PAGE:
During the holidays, adult children often travel home to celebrate the season with a senior parent. Because the COVID-19 crisis made travel difficult this spring and summer, some families will be reuniting for the first time in many months.
One worry adult children frequently experience this time of year is how to tell if a parent needs in-home care or assisted living. It’s a legitimate concern and doesn’t always have an easy answer, especially if you suspect a senior loved one might have Alzheimer’s. This information may be useful in objectively evaluating your family member’s situation.
Is Your Loved One Exhibiting Signs of Alzheimer’s?
Alzheimer’s disease is the most common form of dementia. The latest research from the Alzheimer’s Association shows that over 5 million people live with the disease. By 2050, that number is expected to reach 14 million.
While people are often familiar with the most common warning signs—especially memory loss—other symptoms are easy to overlook or excuse away. Here are a few red flags to look for in your family member and discuss with their physician:
- Difficulty carrying on a conversation
- Problems writing even a short email or list
- Change in disposition or personality
- Mismanaging finances or bills
- Problems with complex tasks
General Signs a Senior Needs Help
Dementia isn’t the only health issue that puts older adults who live alone at risk. Challenges such as poor balance and bad nutrition, as well as vision or hearing loss, might require a senior to accept a little help at home. Here are some warning signs to look for when you visit during the holidays:
- Weight change: Gaining or losing too much weight can be a sign of a serious health condition, including depression, cancer, and dementia. An unintentional change in weight can also be caused by arthritis or other mobility problems that impair a senior’s ability to shop for groceries or prepare meals.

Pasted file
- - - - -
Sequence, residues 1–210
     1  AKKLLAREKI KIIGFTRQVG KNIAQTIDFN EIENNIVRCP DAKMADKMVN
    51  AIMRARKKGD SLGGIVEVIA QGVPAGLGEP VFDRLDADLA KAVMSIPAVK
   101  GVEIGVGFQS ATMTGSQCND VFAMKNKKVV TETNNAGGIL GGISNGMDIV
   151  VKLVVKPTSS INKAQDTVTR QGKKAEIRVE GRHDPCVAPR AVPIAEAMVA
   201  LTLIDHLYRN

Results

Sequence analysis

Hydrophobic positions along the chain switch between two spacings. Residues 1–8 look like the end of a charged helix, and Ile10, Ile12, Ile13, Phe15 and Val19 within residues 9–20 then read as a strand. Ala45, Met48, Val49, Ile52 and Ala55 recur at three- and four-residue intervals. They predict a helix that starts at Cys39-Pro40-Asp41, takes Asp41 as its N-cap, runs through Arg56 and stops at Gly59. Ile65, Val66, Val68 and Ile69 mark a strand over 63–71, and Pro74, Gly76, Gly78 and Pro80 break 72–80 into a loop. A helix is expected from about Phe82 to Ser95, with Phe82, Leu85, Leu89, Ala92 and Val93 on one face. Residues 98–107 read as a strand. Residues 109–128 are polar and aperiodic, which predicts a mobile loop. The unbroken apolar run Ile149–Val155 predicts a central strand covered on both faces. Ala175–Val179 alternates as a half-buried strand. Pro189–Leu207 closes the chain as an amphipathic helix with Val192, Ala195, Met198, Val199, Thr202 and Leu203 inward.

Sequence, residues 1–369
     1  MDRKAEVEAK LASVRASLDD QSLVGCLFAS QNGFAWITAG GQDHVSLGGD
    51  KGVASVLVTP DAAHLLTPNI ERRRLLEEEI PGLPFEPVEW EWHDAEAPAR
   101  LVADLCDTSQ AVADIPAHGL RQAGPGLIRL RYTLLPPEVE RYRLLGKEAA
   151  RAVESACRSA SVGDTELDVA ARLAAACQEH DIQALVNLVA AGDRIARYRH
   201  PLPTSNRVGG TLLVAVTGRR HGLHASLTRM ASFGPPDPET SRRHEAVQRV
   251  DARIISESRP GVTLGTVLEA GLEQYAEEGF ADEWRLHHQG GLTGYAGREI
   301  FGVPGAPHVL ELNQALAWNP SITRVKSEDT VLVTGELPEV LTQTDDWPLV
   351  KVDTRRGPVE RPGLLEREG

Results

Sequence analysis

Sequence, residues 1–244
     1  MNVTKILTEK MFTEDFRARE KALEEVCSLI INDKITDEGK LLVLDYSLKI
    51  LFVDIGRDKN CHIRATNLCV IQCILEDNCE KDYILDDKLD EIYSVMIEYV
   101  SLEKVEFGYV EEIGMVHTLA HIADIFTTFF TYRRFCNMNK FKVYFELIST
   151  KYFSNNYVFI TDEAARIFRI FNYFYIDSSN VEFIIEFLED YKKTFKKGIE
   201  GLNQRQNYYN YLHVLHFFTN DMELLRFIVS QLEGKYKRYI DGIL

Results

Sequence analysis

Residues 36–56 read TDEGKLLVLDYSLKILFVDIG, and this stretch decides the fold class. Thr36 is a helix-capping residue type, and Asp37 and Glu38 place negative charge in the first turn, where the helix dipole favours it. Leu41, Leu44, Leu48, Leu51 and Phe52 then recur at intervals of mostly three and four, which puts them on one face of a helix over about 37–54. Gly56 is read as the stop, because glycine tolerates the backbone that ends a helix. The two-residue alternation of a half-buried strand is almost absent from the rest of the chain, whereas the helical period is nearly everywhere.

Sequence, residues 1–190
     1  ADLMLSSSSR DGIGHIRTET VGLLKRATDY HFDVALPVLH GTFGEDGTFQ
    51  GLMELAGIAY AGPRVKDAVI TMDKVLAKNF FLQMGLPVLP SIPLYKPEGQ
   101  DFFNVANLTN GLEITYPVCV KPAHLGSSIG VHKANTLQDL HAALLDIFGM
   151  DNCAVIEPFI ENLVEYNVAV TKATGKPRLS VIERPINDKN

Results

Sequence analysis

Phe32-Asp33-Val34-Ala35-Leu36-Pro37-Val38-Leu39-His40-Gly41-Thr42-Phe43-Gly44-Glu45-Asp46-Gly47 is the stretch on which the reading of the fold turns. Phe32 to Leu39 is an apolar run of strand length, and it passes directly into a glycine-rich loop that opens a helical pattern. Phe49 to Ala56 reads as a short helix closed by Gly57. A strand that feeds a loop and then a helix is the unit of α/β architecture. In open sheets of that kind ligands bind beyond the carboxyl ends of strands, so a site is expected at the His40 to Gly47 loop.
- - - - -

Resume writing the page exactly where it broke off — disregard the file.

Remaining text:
- Declining hygiene: Another red flag can be a change in personal appearance. Is an always tidy parent looking disheveled? Have they developed an unpleasant body odor? A hug can be an easy way to identify changes in hygiene.
- Unsteady gait: Falls are the leading cause of fatal and non-fatal injuries among seniors. When you visit this holiday season, pay attention to how well your parent navigates their way around their home and when you are out in public together. Also watch for small clues that might indicate they don’t feel safe. Do they avoid using the stairs? Are they having difficulty standing up from a chair? Do they seem more sedentary? These are all signs they might be worried about or at risk for a fall.
- Environmental clues: Check for other more subtle signs that a senior is struggling to keep up. Stacks of unopened mail, expired food in the refrigerator, and overflowing laundry are a few signals of a problem. Scorched cookware is another. It can indicate a senior is forgetting when they have something cooking on the stove, which presents a very serious fire hazard.
If any of these describe your parent or other family elder’s situation, it’s likely time to discuss it with them. They might need the support of an in-home caregiver combined with a mobile emergency alert system. Or the senior may need to transition to an assisted living or memory care community.
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